- Amazon accused the Federal Trade Commission staff of taking "unusual and perplexing" measures in its investigation of the company's Prime subscription business.
- Amazon accused Federal Trade Commission of harassing executive chairman Jeff Bezos and CEO Andy Jassy by asking them to testify in its investigation of the company's Prime subscription business
- The June civil investigative demands on the company are "unworkable and unfair," Amazon said.
Amazon accused the Federal Trade Commission of harassing executive chairman Jeff Bezos and CEO Andy Jassy by asking them to testify in its investigation of the company's Prime subscription business, acknowledging the probe in a filing dated August 5 that was recently made public.
The FTC has been probing Amazon's Prime business over concerns that it misleads how users sign up or cancel their Prime subscriptions. Insider reported in March on internal documents that showed "the company has been concerned since at least 2017 that user interface designs on Amazon.com have led customers to feel manipulated into signing up for Prime" but reportedly didn't implement changes for fear they would negatively impact subscription growth.
An Amazon spokesperson at the time told Insider that Prime's cancelation and sign-up process are "simple and transparent and clearly present customers with choices and the implications of those choices."
Amazon is seeking to limit or quash civil investigative demands, similar to a subpoena, issued to the company and to individual current and former employees, according to the filing. It's also seeking to quash CIDs issued to Bezos and Jassy, arguing staff has not given a legitimate reason for needing their testimony because it could obtain the same information it seeks elsewhere.
Lawyers for the company said in the filing that the FTC's demand for Bezos and Jassy to testify at an investigational hearing "on an open-ended list of topics on which they have no unique knowledge is grossly unreasonable, unduly burdensome, and calculated to serve no other purpose than to harass Amazon's highest-ranking executives and disrupt its business operations."
An FTC spokesperson declined to comment.
Amazon said it cooperated with staff for more than a year, providing information about its sign-up and cancellation process for Prime, for a probe it said began in March 2021. It said it produced about 37,000 pages of documents and met with staff on multiple occasions to answer questions.
But eventually, "staff inexplicably disengaged," Amazon charged. After about six months of silence, Amazon alleged, FTC staff told the company in April that a new attorney would take over the probe while under "tremendous pressure" to conclude the investigation before the fall. Amazon said this was the first it heard of such a deadline and it soon received a new CID in June that "accelerated" and "expanded" the scope of the investigation to "at least five additional non-Prime subscription programs," including Audible, Amazon Music, Kindle Unlimited and Subscribe & Save, and added nearly 20 individual CIDs served to current and former employees' homes.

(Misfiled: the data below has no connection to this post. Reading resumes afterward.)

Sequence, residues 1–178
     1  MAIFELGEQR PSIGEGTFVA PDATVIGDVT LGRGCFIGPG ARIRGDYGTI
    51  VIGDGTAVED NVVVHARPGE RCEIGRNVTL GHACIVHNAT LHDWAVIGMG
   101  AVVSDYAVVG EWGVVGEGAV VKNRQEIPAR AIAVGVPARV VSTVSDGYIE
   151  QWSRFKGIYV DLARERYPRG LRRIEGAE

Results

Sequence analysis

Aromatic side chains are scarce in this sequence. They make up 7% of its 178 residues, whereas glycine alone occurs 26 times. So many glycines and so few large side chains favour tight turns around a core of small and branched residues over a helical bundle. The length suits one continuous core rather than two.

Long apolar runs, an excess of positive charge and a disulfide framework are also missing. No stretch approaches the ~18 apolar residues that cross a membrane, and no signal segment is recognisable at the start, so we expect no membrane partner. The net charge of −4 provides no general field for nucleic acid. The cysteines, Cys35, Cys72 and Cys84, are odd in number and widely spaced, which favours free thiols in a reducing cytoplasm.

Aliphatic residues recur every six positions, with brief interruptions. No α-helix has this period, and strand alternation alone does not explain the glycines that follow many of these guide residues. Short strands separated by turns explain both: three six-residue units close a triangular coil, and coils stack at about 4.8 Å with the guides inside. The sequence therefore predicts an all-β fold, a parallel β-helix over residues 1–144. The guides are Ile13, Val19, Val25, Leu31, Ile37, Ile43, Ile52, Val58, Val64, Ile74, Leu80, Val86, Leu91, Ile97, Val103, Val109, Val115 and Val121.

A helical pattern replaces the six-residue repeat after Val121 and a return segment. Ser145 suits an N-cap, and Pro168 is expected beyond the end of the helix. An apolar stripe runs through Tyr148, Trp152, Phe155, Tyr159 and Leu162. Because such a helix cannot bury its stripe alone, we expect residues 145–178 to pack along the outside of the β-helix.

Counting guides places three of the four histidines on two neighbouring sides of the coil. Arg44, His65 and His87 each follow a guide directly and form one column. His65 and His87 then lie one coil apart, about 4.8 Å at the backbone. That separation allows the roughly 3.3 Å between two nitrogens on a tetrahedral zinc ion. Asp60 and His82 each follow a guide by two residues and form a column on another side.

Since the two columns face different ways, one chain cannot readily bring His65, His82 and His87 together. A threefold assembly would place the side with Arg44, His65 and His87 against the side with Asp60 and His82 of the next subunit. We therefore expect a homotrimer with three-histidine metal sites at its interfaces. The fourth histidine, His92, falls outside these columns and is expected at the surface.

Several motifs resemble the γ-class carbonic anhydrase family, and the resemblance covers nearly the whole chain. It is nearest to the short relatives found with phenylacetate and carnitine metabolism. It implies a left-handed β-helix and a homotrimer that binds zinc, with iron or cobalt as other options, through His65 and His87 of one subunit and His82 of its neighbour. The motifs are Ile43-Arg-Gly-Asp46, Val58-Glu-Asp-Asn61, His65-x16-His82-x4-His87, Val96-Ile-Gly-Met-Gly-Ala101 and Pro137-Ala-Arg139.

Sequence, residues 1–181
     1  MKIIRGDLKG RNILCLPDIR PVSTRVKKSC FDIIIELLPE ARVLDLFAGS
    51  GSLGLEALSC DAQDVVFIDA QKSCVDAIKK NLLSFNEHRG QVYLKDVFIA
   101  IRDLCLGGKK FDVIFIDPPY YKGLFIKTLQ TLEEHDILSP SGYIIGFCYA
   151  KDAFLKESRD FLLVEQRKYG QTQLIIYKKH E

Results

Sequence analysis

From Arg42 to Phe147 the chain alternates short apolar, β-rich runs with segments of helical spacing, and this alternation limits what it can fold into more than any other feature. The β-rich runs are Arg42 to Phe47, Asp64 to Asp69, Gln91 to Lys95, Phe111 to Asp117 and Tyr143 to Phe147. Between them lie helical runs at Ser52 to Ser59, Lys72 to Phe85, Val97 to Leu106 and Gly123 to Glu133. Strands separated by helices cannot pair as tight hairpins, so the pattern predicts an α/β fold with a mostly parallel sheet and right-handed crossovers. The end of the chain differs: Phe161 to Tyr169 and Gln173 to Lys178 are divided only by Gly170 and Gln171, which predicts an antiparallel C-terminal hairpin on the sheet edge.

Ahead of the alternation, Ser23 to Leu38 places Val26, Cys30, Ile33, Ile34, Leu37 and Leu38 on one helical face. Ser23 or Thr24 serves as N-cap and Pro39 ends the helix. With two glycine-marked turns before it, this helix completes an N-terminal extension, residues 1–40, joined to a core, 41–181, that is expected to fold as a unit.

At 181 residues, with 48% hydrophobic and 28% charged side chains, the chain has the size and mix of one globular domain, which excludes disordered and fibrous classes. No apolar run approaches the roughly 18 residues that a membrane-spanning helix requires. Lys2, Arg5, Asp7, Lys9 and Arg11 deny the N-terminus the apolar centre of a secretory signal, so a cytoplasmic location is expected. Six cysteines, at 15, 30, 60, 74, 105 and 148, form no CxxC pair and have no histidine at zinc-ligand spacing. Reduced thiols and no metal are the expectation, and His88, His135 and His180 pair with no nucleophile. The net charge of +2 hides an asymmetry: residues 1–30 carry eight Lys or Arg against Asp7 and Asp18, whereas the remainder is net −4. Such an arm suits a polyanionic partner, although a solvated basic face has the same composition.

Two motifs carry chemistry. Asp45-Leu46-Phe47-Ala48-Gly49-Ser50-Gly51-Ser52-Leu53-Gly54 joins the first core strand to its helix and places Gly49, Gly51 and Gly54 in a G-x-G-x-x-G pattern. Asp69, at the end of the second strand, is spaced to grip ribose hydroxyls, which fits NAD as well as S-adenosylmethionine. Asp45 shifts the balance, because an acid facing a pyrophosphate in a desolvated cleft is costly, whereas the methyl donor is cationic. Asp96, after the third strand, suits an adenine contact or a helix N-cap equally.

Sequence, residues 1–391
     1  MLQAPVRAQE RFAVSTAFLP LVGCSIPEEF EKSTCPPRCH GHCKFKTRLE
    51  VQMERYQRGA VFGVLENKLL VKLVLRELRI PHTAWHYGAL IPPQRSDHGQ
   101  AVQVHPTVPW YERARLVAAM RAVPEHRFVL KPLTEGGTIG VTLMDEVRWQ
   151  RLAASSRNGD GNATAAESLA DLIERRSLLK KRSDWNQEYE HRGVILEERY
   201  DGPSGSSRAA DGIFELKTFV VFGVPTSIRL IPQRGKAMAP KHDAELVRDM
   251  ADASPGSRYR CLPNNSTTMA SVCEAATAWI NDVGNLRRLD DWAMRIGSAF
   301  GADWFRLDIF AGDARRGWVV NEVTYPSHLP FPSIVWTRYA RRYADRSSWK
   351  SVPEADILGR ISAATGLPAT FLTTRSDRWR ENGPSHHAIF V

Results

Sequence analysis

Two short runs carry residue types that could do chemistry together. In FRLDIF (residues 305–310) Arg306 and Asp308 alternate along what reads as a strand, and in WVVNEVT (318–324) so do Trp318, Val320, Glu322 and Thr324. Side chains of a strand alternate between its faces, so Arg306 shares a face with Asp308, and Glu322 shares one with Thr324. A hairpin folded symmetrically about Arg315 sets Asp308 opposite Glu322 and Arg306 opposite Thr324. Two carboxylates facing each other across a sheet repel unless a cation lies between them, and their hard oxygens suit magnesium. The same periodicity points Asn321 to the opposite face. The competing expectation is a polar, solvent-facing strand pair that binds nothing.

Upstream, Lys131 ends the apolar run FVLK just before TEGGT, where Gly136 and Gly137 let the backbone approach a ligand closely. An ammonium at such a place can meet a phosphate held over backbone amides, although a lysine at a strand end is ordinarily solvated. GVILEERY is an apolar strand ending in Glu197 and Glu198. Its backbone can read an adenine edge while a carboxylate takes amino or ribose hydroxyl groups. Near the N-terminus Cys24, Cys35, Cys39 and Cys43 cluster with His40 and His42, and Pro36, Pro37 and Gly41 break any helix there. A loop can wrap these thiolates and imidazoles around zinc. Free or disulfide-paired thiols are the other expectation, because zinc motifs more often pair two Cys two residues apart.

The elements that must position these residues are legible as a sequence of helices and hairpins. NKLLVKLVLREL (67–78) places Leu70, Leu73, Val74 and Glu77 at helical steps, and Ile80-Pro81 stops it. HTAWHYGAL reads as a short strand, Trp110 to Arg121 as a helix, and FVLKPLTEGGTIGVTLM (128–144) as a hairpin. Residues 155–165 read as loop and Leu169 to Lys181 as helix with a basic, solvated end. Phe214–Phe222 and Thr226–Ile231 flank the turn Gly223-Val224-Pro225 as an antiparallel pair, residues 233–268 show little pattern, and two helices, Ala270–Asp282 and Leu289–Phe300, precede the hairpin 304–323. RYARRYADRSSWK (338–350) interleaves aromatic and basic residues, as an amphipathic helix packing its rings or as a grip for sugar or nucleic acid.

The June CID on the company is "unworkable and unfair," Amazon said, though it added it's still committed to getting staff the information it needs. If the commission won't quash the CID, Amazon requested it at least extend the deadline for the information to Sept. 15, rather than August 5.
Amazon has had a tricky relationship with the FTC under Chair Lina Khan, who rose to prominence with her 2017 Yale Law Journal article, "Amazon's Antitrust Paradox," which argued for a rethinking of antitrust enforcement in digital markets that would reshape industry practices. Last year, Amazon sought Khan's recusal from its antitrust probes, arguing her past public comments about the company suggest she would not be an impartial voice in matters against the firm.
Khan has said in the past it takes "courage" to take on companies with vast power and resources. In a January interview with CNBC's Andrew Ross Sorkin and contributor Kara Swisher, Khan said the FTC was "really showing these companies, but also showing the country, that enforcers are not going to back down because of these companies flexing some muscle or kind of trying to intimidate us,"